Faith key in state title win
for St. Bridget’s robotics team

From left: Langdon Tollet, Molly Robertson, Riley Sadusky, Eamon O’Connel, robotics team members from St. Bridget School, Richmond, watch Vincent Barrafato (hat) and William McLemore perform a task during the FIRST LEGO League World Championship in Harrisonburg, Dec. 4. The team won the state title and advances to the world championships this April. (Submitted photo)

St. Bridget Catholic School’s robotics team is heading to Houston to compete in the FIRST LEGO League World Championship. It recently won the Champions Award at the Virginia state competition in Harrisonburg, Saturday, Dec. 3, meaning it was ranked the best team overall. Though the 10-member team of sixth through eighth graders is named “Clueless,” its members are anything but, beating out more than 70 other teams to advance to the world championship, which will be held next year.

“I was blown away by all this,” said coach Eric De Boer, who was holding a watch party at the school. “When they announced the winners, (fellow coach) Rob Walters and I could barely stand up. We couldn’t believe it!”

Robot Chief Coder William McLemore, a sixth grader, recalled, “I was so surprised when I saw we won. Everyone was screaming and celebrating. I didn’t know what to do, so I just screamed!”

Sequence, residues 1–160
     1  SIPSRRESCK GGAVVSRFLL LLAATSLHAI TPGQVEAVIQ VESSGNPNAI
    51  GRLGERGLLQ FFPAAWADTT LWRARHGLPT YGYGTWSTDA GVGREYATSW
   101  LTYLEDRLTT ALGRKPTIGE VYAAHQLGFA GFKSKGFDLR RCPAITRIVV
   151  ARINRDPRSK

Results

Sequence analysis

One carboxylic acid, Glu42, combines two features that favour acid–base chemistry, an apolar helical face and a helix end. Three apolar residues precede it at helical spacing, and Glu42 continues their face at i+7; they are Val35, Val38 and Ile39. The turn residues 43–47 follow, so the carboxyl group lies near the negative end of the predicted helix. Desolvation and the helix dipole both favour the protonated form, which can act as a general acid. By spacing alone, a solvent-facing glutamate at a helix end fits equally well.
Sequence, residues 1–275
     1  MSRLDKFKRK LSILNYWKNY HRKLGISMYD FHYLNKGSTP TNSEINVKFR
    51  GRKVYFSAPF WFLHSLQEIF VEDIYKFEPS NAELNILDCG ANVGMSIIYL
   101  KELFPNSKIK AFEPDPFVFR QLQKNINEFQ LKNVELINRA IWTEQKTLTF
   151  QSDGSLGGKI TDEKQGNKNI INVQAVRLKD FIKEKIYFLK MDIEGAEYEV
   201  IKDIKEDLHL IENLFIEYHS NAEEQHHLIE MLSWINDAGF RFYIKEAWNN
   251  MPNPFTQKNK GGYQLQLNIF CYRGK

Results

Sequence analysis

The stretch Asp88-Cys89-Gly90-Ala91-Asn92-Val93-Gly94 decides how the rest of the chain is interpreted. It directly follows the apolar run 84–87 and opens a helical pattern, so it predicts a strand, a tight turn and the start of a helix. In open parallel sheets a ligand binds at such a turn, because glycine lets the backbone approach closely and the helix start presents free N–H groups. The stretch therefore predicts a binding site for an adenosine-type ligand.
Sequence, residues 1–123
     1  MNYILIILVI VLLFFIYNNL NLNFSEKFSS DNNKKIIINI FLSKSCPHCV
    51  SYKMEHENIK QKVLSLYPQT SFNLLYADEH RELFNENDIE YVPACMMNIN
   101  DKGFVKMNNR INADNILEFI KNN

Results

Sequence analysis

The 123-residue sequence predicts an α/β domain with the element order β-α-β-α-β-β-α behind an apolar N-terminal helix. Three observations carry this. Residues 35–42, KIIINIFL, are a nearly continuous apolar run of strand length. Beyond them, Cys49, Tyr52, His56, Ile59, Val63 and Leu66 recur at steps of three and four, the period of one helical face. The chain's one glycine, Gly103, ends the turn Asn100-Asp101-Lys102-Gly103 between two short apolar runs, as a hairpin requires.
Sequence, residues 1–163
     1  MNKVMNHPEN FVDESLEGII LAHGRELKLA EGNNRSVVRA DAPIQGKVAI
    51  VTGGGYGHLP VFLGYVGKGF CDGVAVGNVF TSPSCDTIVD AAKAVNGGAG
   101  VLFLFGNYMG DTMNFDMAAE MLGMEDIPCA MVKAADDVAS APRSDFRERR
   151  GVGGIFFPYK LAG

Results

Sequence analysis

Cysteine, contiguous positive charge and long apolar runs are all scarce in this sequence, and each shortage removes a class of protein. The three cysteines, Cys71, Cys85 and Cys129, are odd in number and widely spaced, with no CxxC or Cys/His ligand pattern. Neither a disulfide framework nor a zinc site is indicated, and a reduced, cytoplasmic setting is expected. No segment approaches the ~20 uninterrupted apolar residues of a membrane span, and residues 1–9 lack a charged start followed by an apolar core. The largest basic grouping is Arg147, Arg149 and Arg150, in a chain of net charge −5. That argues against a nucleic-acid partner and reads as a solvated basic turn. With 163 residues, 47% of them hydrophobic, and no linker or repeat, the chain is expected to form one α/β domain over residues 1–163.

The “FIRST” in the competition title stands for “For Inspiration and Recognition of Science and Technology.” Teams are judged on core values (teamwork, inclusion, discovery, impact and fun), the ability to solve a real-world problem and robot design. Teams had to create both a robot and an “Innovation Project” based on this year’s theme, which was ways to improve transportation. Clueless fittingly named its robot “Cher” after the iconic character in the movie “Clueless.”

Eighth grader Vincent Barrafato served as the robot chief lead. He helped program Cher to complete specific missions by following codes designed by the students. He was overjoyed at their win. “The team has worked very hard putting in hours every week and for that hard work to pay off is truly a dream come true,” he said.

Innovation project draws attention

For their innovation project, Clueless designed and created what they call a “Bus Box.” The Bus Box delivers packages to Amazon lockers and underserved rural areas. According to the team’s website, delivery companies spend 53% of all shipping costs on getting packages to their final destination, known as the “Final Mile.” This is impacted by road conditions, truck capacity, routing changes, and other factors. Innovation Project Lead Langdon Tollett, who came up with the idea, explained:

“Bus Box is an innovative way to deliver Amazon packages to locker and rural locations using existing school bus infrastructure. Each box has 22 square feet of package capacity and can attach to the undercarriage of existing school buses between the wheels,” the eighth grader explained.

As with most professions during the pandemic, there is a staff shortage of school bus drivers as well as delays of package deliveries. The Bus Box aims to improve the situation for all involved.

School bus drivers would be able to deliver Amazon packages in between taking children to and from school, which would give them the opportunity to work full time and earn more money. Amazon would have increased deliveries and drivers.

School systems would work with Amazon as contracted driving partners. If this happens, the hope is that schools could potentially attract more bus drivers and offer higher pay.